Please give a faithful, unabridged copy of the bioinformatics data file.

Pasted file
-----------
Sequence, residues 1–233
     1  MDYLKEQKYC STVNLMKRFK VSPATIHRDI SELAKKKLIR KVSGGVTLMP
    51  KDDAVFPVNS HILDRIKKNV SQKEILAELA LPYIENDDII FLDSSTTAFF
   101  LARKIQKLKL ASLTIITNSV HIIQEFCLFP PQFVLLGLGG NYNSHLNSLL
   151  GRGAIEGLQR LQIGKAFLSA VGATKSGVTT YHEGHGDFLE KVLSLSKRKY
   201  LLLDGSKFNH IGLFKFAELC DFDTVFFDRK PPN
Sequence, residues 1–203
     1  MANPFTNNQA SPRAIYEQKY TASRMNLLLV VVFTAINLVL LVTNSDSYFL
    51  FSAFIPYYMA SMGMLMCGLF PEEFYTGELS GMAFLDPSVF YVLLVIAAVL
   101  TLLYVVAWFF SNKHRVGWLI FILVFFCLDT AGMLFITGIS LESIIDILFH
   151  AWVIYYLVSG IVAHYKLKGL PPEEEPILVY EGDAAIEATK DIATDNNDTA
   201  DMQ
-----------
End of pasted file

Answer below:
Sequence, residues 1–233
     1  MDYLKEQKYC STVNLMKRFK VSPATIHRDI SELAKKKLIR KVSGGVTLMP
    51  KDDAVFPVNS HILDRIKKNV SQKEILAELA LPYIENDDII FLDSSTTAFF
   101  LARKIQKLKL ASLTIITNSV HIIQEFCLFP PQFVLLGLGG NYNSHLNSLL
   151  GRGAIEGLQR LQIGKAFLSA VGATKSGVTT YHEGHGDFLE KVLSLSKRKY
   201  LLLDGSKFNH IGLFKFAELC DFDTVFFDRK PPN
Sequence, residues 1–203
     1  MANPFTNNQA SPRAIYEQKY TASRMNLLLV VVFTAINLVL LVTNSDSYFL
    51  FSAFIPYYMA SMGMLMCGLF PEEFYTGELS GMAFLDPSVF YVLLVIAAVL
   101  TLLYVVAWFF SNKHRVGWLI FILVFFCLDT AGMLFITGIS LESIIDILFH
   151  AWVIYYLVSG IVAHYKLKGL PPEEEPILVY EGDAAIEATK DIATDNNDTA
   201  DMQ